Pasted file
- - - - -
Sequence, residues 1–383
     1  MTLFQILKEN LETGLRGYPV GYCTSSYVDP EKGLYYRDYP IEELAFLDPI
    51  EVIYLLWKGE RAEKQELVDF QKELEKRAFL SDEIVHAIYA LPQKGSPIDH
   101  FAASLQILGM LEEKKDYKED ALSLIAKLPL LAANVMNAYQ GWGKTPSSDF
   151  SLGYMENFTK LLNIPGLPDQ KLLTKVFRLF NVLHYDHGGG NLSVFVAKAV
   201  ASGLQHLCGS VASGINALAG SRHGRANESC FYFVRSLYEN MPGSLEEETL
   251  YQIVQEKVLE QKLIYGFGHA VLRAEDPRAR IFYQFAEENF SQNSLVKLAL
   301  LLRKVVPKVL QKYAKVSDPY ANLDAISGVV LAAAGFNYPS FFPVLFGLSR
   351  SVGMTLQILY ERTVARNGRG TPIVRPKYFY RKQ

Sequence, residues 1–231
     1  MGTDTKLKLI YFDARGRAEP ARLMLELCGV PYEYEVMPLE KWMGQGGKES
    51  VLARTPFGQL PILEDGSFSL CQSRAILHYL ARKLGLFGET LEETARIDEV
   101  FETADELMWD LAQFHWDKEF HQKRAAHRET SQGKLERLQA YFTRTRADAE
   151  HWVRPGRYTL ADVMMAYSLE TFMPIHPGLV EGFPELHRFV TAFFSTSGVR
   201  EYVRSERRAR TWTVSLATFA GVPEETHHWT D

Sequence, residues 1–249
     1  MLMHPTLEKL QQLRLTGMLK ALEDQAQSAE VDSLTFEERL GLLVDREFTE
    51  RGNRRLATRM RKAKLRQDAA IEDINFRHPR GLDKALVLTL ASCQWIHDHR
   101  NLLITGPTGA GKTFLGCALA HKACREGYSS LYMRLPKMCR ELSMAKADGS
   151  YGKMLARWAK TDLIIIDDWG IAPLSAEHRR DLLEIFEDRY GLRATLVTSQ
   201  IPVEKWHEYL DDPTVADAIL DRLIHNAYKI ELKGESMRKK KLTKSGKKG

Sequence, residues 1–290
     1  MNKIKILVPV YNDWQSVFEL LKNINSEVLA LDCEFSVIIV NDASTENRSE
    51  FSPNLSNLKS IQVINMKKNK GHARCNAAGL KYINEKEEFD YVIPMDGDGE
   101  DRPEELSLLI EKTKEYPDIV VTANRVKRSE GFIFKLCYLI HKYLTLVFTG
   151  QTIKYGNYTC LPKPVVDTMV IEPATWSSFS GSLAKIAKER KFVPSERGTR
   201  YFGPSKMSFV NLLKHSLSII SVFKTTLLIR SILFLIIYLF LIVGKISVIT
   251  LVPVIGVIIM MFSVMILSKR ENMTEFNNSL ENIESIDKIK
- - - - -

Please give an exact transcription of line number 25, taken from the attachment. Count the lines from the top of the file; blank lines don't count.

   101  DRPEELSLLI EKTKEYPDIV VTANRVKRSE GFIFKLCYLI HKYLTLVFTG